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Better Than We Are: A Brief Interview With Scott Snyder

I rarely get nervous interviewing people anymore. I’ve been doing it for a couple of years, and have made some good friends in the industry. The people who work in comics are the kindest, most inclusive group of people I’ve ever met. They instantly make me feel at ease and welcomed. So, I don’t get nervous anymore. When I got the confirmation e-mail that I would get the chance to interview Scott Snyder on behalf of Word of the Nerd, I was terrified. 

Scott Snyder - DC Comics
Scott Snyder – DC Comics

Scott Snyder is a personal hero of mine, having written a vast majority of my favorite series in the past few years. This was both a dream come true and a bit of a nightmare. Walking up the stairs of the big SDCC DC Comics booth, I was so sure I would embarrass myself. But I reached the top, walked over to him, shook his hand and sat down. He flashed me an effortless smile, and with a jittering leg, I started.

 

Snyder on Horror, Batman, and Justice League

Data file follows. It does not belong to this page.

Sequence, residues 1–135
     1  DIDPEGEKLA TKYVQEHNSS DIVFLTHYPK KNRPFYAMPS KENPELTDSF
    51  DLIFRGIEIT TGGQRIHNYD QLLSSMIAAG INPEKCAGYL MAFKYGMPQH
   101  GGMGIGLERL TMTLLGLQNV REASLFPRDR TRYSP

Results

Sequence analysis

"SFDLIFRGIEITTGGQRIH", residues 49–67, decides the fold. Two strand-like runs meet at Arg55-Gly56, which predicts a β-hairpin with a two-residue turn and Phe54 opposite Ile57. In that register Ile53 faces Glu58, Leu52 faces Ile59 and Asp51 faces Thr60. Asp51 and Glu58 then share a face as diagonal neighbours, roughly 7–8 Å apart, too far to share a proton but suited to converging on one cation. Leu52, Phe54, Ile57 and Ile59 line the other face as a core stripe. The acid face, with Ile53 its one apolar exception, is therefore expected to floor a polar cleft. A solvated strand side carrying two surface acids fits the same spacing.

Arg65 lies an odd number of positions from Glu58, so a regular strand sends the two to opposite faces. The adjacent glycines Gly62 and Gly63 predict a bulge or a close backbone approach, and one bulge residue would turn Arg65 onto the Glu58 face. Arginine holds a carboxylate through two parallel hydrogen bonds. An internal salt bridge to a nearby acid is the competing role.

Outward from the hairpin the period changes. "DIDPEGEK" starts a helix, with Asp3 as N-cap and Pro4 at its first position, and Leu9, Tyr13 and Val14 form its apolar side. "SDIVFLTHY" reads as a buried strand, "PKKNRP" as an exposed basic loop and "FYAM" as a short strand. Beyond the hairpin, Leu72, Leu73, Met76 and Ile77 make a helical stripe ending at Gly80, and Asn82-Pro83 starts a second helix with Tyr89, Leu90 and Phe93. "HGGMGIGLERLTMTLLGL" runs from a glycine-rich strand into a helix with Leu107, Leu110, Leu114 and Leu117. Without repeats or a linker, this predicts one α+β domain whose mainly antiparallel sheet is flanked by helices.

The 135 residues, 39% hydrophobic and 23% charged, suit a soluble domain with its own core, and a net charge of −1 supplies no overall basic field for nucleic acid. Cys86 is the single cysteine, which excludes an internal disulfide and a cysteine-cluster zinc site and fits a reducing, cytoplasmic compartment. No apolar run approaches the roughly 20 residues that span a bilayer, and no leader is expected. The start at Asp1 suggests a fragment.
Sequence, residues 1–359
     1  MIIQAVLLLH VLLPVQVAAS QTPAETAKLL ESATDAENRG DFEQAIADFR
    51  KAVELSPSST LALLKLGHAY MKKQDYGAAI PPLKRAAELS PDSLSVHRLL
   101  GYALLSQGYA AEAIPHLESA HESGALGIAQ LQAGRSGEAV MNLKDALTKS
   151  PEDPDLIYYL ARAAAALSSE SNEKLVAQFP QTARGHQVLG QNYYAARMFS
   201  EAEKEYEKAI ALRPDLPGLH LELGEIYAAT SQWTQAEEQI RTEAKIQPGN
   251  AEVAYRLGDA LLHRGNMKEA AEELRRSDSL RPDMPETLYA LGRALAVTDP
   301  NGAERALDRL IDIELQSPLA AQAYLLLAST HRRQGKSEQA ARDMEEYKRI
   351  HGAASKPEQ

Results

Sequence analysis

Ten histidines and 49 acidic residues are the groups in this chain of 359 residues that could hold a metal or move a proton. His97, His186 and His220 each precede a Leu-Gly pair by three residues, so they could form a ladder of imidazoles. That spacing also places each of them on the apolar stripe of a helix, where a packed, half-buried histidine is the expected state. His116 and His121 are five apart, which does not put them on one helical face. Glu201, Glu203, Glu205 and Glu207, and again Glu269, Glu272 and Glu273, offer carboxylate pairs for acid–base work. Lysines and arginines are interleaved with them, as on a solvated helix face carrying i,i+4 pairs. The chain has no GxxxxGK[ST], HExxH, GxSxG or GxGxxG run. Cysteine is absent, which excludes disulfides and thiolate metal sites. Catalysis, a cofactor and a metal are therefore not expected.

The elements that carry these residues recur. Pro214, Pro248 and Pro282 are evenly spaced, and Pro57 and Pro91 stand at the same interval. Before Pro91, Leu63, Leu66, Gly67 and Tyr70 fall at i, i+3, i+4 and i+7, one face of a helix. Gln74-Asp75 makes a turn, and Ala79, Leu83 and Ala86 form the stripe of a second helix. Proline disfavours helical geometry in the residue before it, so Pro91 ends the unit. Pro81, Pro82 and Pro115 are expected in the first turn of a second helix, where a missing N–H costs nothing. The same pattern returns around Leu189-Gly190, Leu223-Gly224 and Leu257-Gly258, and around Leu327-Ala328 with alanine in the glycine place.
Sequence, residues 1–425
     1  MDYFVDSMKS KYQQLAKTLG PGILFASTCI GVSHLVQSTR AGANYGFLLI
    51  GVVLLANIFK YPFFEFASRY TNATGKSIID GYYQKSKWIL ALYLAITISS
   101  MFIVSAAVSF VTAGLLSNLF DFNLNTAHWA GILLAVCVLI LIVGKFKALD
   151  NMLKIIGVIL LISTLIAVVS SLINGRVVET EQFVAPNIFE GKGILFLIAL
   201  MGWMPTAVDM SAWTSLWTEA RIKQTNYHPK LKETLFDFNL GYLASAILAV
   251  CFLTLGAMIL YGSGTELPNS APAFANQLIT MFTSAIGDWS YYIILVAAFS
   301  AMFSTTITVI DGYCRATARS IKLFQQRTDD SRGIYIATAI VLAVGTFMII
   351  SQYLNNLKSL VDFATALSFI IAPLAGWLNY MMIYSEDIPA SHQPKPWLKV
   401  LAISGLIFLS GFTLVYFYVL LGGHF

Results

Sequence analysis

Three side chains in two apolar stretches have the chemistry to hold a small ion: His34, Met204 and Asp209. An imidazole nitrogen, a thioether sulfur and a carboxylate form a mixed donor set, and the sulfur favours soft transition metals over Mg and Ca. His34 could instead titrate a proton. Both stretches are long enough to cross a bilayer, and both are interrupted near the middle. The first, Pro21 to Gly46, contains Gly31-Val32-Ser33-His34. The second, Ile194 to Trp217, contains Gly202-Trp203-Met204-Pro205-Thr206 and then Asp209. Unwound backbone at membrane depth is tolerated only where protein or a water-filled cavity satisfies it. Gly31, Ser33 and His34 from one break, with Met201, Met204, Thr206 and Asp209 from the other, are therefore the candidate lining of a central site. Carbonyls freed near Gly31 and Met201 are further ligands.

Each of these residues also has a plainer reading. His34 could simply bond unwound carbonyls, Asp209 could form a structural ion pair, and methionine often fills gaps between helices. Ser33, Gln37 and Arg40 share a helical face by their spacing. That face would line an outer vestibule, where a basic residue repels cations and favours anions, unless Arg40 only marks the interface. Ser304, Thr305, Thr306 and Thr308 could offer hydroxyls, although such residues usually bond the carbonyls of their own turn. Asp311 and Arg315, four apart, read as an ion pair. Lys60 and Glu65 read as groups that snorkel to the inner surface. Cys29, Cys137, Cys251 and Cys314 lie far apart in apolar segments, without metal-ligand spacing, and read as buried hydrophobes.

Anthony: A lot of your creator-owned stuff leans heavy into the horror genre. How has it been switching over to writing superhero comics for DC? How does that kind of bleed into what you’re doing?

Snyder: Well, I just fool everybody into thinking that it’s all very light. Then three or four issues in—like in Metal—all the nightmare stuff comes out. I mean, horror is my favorite sort of genre to work in ever since I was a kid. ‘Cause it’s almost like a purified, ratcheted-up form of conflict. You know in drama you’re up against your worst fears and the things that trouble you, but in horror, there’s a monster coming to kill you. In good horror, I feel like whatever is scaring you is an extension of your greatest anxieties about yourself. About the world. It’s that thing brought to life and attacking you. In comic books, and especially writing Batman, because he’s always like “I need to do this. I need to win,” and when you put something in front of him like that, all his fears brought to life, it just stops him in his tracks.

We’re doing that in Batman Who Laughs by the way. Batman Who Laughs is sort of like the darkest Batman story I’ve ever written. He’s Batman’s second worst fear about himself, which is this Punisher Batman. Imagine that Batman started using lethal force on his world and never stopped, and now he’s become the deadliest man alive. Not only does he kill you with guns and knives and drones, but he has a multi-billion dollar corporation. So there are chips in your car. Chips in your phone. Your car might drive off a bridge and you won’t know who killed you, but it was him. We’re going really dark, but it allows me to flex those muscles there.